disregard of the Quaid-e-Azam’ s wishes and sentiments and to the
detriment and humiliation of the minorities.


          ( 8 )
It may also be mentioned in this connection that I was opposed to the
partition of Bengal. In launching a campaign in this regard I had to
face not only tremendous resistance from all quarters but also
unspeakable abuse, insult and dishonour. With great regret, I recollect
those days when 32 crores of Hinduism opposed my cations, but I
remained undaunted and unmoved in my loyalty to Pakistan. It is a
matter of gratitude that my appeal to 7 million Scheduled Caste people
of Pakistan evoked a ready and enthusiastic response from them. They
lent me their unstinted support sympathy and encouragement.

          ( 9 )
After the establishment of Pakistan on August 14, 1947 you formed the
Cabinet, in which I was included and Khwaja Nazimuddin formed a
provisional Cabinet for East Bengal. On August 10, I had spoken to
Khwaja Nazimuddin at Karachi and requested him to take 2 Scheduled
Caste Ministers in the East Bengal Cabinet. He promised to do the same
sometime later.

happened subsequently in this regard was a record of unpleasant and
disappointing negotiations with you, Khwaja Nazimuddin and Mr. Nurul
Amin, the present Chief Minister of East Bengal. When I realised that
Khwaja Nazimuddin was avoiding the issue on this or that excuse, I
became almost impatient and exasperated, I further discussed the matter
with the Presidents of the Pakistan Muslim League and its East Bengal
Branch. Ultimately, I brought the matter to your notice. You were
pleased to discuss the subject with Khwaja Nazimuddin in my presence at
your residence. Khwaja Nazimuddin agreed to take one Scheduled Caste
Minister on his return to Dacca. As I had already become skeptic about
the assurance of Khwaja Nazimuddin, I wanted to be definite about the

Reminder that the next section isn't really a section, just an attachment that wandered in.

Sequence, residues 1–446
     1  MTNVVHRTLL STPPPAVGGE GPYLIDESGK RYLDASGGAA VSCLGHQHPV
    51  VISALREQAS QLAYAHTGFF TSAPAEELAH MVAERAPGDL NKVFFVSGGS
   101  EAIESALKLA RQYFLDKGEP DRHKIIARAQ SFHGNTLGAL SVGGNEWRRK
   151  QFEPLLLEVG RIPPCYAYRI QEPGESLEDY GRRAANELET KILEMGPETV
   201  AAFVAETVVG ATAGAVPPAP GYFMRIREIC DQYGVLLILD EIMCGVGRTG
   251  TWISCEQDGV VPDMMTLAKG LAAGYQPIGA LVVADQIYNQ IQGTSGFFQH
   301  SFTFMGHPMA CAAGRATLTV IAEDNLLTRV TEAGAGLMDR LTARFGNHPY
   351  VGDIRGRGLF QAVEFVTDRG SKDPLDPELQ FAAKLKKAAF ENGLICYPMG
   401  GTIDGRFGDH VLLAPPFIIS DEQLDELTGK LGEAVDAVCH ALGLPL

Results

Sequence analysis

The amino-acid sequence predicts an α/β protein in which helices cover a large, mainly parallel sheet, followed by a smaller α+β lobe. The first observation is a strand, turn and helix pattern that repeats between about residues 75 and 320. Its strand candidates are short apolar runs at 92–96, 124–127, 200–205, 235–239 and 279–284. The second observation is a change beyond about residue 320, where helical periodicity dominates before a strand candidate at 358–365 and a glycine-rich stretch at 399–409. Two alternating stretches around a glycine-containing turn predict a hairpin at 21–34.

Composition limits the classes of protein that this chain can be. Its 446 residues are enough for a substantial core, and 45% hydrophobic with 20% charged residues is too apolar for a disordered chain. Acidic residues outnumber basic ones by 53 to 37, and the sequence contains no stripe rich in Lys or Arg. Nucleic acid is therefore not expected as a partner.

time limit. I insisted that he must act in this regard within a month,
failing which I should be at liberty to
resign. Both you and Khwaja Nazimuddin agreed to the condition. But,
alas! You did not perhaps mean what you said. Khwaja Nazimuddin did not
keep his promise. After Mr. Nurul Amin had become the Chief Minister of
East Bengal, I again took up the matter with him. He also followed the
same old familiar tactics of evasion. When I again called your
attention to his matter prior to your visit to Dance in 1949, you were
pleased to assure me that a Minority Minister would be appointed in
East Bengal, and you asked 2-3 names from me for consideration. In stat
deference to your wish, I sent you a note stating the Federation Group
in the East Bengal Assembly and suggesting three names. When I made
enquiries as to what had happened on your return from Dacca, you
appeared to be very cold and only remarked: “Let Nurul Amin return from
Delhi”. After a few days I again pressed the matter.


          ( 10 )
When the question of partition of Bengal arose, the Scheduled Caste
people were alarmed at the anticipated dangerous result of partition.
Representation on their behalf were made to Mr. Suhrawardy, the then